There are few things we love more than a refreshing walk, followed by a well deserved pint – which is why these park-pub combos are a match made in heaven.
Leeds may be a bustling city, but it’s also filled with green spaces that make it only too easy to escape the concrete jungle for an hour or two. We’ve narrowed the list down to just three, coupling them with one of our favourite suburban drinking dens to give you a day out that will help you forget the daily grind and remember why you love living in Leeds.
Roundhay Park and The Stew & Oyster
It’s the obvious choice. At 700 acres, Roundhay Park is home to all manner of walks, from leisurely strolls around the park itself to adventures into the forest. Along the way, you’ll stumble upon lakes, landscaped gardens and a beautiful gorge. But that’s just the beginning, because Roundhay Park is also home to mansions, castles and hidden folleys.
It’s a marvellous day out, no doubt about it, but it wouldn’t be complete without a pint of something nice at The Stew & Oyster. The selection of beers on the bar is always exceptional, with something new to try every time you go, and you can enjoy it in a cosy, relaxed venue that makes winding down after your walks easy. Oh, and there’s stew too – bonus!
Woodhouse Moor & Hyde Park Book Club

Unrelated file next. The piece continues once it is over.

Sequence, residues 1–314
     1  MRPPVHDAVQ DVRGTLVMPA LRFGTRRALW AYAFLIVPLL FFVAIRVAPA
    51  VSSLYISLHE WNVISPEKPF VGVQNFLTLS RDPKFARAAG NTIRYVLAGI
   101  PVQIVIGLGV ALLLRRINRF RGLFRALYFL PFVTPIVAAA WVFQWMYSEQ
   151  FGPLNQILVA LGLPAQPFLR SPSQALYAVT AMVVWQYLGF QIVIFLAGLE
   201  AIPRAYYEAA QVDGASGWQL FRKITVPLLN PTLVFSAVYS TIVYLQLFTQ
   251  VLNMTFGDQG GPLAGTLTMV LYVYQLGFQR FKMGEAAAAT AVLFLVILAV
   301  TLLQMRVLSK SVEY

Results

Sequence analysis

It’s one of the city’s most famous parks, and not just because it’s the start of the Meanwood Valley Trail. Woodhouse Moor is the perfect place to spend a day lounging in the sun, but if you want to get active, you’ve got 27 hectares to explore, with seven treelined paths that lead into the centre of the park. There are also basketball and tennis courts, not to mention the famous skate park.
Afterwards, get yourself over to Hyde Park Book Club, a petite cafe-bar with real independent spirit. You can indulge in drinks galore, whether you’re after coffee or something stronger, and if you fancy a bite to eat, they have a menu of creative vegetarian dishes, using specially imported Meat Butcher products.
Kirkstall Abbey & The Bridge Inn
Kirkstall Abbey is one of the city’s most famous landmarks. The beautiful remains of the Cistercian abbey date back to 1182, when the building was completed, and though they have since endured the ravages of the Dissolution of the Monasteries, they’re still stunning to this day. It’s not the only attraction here though, with 24 hectares of parkland for you to explore, including wildflower meadows, tennis courts and picnic-worthy stretches of grass.
Just around the corner, one of the city’s finest pubs awaits. The Bridge Inn is a Kirkstall Brewery pub, and as such, it has a fine selection of beer behind the bar. Treat yourself to a pint of Three Swords, Generous George or Dissolution IPA while you look out over the waters of the River Aire – they have a cracking beer garden, so there’s no need to go inside after your stint in the park.